Japan has shelved plans to deport a gay Taiwanese man in a long-term relationship, his lawyers said, telling local media the decision was a step towards legal protection for same-sex couples in the socially conservative country.
Same-sex marriage is not legally recognised in Japan but the government has gradually expanded rights protections for its lesbian, gay, bisexual and transgender citizens in recent years.
The Taiwanese man, now in his 40s, has lived in the country for about 25 years with his Japanese partner, now in his 50s, according to national broadcaster NHK.
He was arrested in 2016 for overstaying a three-month visa from the early 1990s and was ordered to be deported, the Tokyo Shimbun newspaper reported.
But he appealed the government’s order, claiming that a special residency permit would have been issued to heterosexual couples in similar situations.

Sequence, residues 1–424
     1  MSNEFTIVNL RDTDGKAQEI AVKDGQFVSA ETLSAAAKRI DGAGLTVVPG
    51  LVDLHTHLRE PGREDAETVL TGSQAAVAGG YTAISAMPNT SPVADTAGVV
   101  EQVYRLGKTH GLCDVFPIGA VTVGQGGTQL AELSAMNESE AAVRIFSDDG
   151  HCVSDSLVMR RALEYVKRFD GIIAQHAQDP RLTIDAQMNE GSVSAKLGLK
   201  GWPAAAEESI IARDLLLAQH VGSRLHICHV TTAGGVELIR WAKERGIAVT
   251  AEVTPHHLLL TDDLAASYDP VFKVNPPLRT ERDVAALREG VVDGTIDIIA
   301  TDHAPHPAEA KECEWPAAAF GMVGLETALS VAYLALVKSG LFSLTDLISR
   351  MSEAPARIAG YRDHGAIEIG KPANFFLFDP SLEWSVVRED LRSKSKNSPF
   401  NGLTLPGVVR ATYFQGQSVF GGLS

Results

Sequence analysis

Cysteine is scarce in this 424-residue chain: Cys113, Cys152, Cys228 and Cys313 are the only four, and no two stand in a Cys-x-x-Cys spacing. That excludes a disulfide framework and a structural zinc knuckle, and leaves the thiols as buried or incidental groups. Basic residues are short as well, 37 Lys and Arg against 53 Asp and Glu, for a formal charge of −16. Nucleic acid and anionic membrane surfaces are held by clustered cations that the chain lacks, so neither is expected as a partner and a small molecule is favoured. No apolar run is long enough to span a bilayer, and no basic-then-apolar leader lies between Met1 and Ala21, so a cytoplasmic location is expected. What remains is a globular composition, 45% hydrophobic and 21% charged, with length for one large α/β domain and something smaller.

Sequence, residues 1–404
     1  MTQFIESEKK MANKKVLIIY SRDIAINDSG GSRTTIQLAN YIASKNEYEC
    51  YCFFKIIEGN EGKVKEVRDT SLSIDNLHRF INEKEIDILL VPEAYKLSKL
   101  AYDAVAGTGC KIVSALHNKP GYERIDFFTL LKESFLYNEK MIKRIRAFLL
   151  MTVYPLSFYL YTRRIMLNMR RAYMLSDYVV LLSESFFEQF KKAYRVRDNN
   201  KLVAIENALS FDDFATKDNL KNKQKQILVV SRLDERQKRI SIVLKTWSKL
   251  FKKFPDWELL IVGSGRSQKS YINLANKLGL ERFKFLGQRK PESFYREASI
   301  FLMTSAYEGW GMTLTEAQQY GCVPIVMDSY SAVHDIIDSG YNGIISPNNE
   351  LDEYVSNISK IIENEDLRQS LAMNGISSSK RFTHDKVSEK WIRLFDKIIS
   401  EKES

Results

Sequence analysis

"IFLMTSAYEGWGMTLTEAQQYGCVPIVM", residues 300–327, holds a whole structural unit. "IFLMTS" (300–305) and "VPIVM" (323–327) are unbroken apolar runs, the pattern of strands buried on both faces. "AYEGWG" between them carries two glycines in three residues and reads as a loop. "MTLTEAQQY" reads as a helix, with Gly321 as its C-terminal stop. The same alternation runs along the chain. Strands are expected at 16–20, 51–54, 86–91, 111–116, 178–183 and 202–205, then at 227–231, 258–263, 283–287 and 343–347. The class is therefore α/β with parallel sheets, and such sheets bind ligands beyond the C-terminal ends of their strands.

Tokyo cancelled its deportation order this month and issued the special residency permit to the Taiwanese man, NHK reported.
“If we could have married legally, our lives could have changed,” he told local media Friday, according to the Tokyo Shimbun.
His Japanese partner said: “Our lives and future seemed grey. Now I wish that two of us will live with more positive attitude and a sense of gratitude to make the colour of our lives a bit brighter.”
In recent years, Japan’s LGBT population has campaigned for greater recognition from the government.
In February, 13 same-sex couples filed suits, accusing the Tokyo of discrimination for failing to recognise their unions.
They argue that they are being denied rights accorded to heterosexual couples and hope courts will declare the government’s position unconstitutional.